Indonesia Considers Inpex Request To Boost Masela LNG Output Again

Indonesia Considers Inpex Request To Boost Masela LNG Output Again
Indonesia expects to decide within "one or two weeks" on a plan by Inpex Corp to increase proposed output from the Masela natural gas field to nearly four times the level originally slated.

Reuters

JAKARTA, Oct 21 (Reuters) - Indonesia expects to decide within "one or two weeks" on a plan by Inpex Corp to increase proposed output from the Masela natural gas field to nearly four times the level originally slated, a senior energy official said on Friday.

"We are still discussing the capacity of Masela - between 7.5 mtpa (million tons per annum) and 9.5 mtpa," said Coordinating Maritime Minister Luhut Pandjaitan, referring to discussions between the government and Inpex along with its partner Royal Dutch Shell PLC.

The minister, who oversees resources, said that a decision would likely come in the next couple of weeks.

A spokesman for Inpex in Jakarta confirmed the discussions. "There are several conditions we need for this project to be investable," he said, though he did not confirm the proposed output increase.

This would be the second time Inpex, Japan's biggest energy developer and Shell, the world's top LNG trader, have proposed an increase in output from the deep sea field in eastern Indonesia that was initially expected to produce 2.5 million tons per year (mtpa) of LNG.

President Joko Widodo in March rejected a $15 billion plan by Inpex and Shell to develop the world's largest floating LNG facility to process gas from Masela, saying an onshore plant would benefit the local economy more.

The move was a blow to both companies and pushed the anticipated start of production from the field into the late 2020s.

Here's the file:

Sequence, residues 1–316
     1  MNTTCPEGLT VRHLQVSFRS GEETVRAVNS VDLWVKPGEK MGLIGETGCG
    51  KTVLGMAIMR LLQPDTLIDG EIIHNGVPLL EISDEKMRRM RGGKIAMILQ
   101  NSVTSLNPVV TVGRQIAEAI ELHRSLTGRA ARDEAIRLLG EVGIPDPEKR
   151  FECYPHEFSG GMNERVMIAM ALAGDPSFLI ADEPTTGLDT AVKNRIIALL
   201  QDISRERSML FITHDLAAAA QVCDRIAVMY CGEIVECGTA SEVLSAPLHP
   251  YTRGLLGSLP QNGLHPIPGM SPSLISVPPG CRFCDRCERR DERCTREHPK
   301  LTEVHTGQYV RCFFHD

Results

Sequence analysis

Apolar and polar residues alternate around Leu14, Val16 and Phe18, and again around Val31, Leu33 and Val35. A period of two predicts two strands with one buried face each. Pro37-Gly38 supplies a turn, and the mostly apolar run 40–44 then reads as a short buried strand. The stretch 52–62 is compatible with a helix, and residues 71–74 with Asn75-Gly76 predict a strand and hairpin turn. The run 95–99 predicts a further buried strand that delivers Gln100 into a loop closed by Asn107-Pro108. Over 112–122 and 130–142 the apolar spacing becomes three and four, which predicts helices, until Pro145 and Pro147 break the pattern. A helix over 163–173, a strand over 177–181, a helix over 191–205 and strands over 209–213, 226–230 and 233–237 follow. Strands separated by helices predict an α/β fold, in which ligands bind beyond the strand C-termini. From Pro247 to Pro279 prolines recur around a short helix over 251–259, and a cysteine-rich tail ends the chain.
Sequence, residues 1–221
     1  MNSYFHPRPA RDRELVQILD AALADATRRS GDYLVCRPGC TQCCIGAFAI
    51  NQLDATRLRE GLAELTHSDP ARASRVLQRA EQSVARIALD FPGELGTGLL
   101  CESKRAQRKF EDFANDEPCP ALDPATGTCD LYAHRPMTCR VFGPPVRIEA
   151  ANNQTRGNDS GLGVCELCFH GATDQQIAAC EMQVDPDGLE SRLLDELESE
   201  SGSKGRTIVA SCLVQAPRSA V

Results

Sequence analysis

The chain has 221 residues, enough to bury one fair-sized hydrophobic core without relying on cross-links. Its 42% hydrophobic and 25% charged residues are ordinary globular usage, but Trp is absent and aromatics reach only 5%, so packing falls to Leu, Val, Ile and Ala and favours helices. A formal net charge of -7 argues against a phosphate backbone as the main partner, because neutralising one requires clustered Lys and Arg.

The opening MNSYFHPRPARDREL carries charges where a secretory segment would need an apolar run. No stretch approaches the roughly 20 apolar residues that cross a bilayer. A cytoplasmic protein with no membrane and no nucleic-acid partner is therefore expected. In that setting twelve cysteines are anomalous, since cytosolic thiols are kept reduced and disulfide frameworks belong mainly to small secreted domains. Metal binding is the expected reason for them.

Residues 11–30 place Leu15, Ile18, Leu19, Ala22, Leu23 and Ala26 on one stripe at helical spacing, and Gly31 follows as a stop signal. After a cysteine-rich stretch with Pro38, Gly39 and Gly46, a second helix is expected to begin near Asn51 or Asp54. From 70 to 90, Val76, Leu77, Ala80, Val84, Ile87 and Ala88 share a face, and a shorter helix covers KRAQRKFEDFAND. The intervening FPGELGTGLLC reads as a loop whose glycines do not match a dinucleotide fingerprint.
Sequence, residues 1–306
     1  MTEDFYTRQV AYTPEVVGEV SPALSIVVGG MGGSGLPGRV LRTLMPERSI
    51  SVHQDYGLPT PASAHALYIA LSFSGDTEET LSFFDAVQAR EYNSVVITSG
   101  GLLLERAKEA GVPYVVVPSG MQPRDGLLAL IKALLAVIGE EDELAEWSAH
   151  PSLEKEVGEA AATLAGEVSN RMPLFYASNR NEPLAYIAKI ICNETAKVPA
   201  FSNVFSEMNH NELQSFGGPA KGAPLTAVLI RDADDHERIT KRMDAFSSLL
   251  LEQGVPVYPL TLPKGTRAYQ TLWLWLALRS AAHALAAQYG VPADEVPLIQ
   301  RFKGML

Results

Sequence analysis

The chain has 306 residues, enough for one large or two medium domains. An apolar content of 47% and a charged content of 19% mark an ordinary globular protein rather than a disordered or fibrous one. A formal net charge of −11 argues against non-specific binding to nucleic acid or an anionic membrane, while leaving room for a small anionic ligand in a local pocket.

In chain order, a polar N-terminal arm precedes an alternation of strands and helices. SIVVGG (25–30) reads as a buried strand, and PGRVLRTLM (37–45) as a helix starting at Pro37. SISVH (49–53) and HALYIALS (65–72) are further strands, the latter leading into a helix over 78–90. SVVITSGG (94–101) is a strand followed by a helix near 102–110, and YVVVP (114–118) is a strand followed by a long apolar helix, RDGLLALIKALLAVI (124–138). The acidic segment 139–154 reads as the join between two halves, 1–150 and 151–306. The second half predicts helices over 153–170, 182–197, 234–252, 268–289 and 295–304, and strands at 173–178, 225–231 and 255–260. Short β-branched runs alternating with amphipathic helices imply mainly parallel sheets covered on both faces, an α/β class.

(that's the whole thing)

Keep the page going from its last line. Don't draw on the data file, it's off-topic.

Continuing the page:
An onshore LNG plant will now be developed on either the islands of Aru or Saumlaki, Pandjaitan said, which is hoped will spur construction of petrochemical and fertilizer plants in the eastern province of Maluku, an impoverished area with little development.

"One of these two locations will be chosen," he said. "We don't just want to develop petrochemicals there. We also want to develop the fishing industry and tourism."

Indonesia gets priority on a large portion of domestically produced liquefied natural gas (LNG), but development of infrastructure to absorb the fuel has been slower than hoped both locally and abroad, putting pressure on gas prices.

Inpex is also working with BP, Mitsubishi Corp, China Natinoal Offshore Oil Co and other companies on an $8 billion expansion of the Tangguh project in West Papua province that will boost the project's annual LNG production capacity by 50 percent.

Questions remain on how quickly Indonesia can develop infrastructure to absorb gas from these projects, with at least 60 uncommitted cargoes this year and next.

(Reporting by Wilda Asmarini; Writing by Fergus Jensen; Editing by Joseph Radford)

Copyright 2016 Thomson Reuters. Click for Restrictions.

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